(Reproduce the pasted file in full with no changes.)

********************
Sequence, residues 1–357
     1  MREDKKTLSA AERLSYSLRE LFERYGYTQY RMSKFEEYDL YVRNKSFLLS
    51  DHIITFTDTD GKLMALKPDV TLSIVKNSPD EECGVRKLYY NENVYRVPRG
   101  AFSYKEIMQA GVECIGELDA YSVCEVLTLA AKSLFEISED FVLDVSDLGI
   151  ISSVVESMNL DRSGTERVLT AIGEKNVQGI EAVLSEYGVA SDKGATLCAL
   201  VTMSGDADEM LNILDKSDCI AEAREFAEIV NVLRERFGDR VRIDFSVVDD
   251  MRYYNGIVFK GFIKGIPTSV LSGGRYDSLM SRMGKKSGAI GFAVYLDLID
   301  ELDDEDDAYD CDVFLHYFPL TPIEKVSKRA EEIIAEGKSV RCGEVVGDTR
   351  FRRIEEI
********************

Sequence, residues 1–357
     1  MREDKKTLSA AERLSYSLRE LFERYGYTQY RMSKFEEYDL YVRNKSFLLS
    51  DHIITFTDTD GKLMALKPDV TLSIVKNSPD EECGVRKLYY NENVYRVPRG
   101  AFSYKEIMQA GVECIGELDA YSVCEVLTLA AKSLFEISED FVLDVSDLGI
   151  ISSVVESMNL DRSGTERVLT AIGEKNVQGI EAVLSEYGVA SDKGATLCAL
   201  VTMSGDADEM LNILDKSDCI AEAREFAEIV NVLRERFGDR VRIDFSVVDD
   251  MRYYNGIVFK GFIKGIPTSV LSGGRYDSLM SRMGKKSGAI GFAVYLDLID
   301  ELDDEDDAYD CDVFLHYFPL TPIEKVSKRA EEIIAEGKSV RCGEVVGDTR
   351  FRRIEEI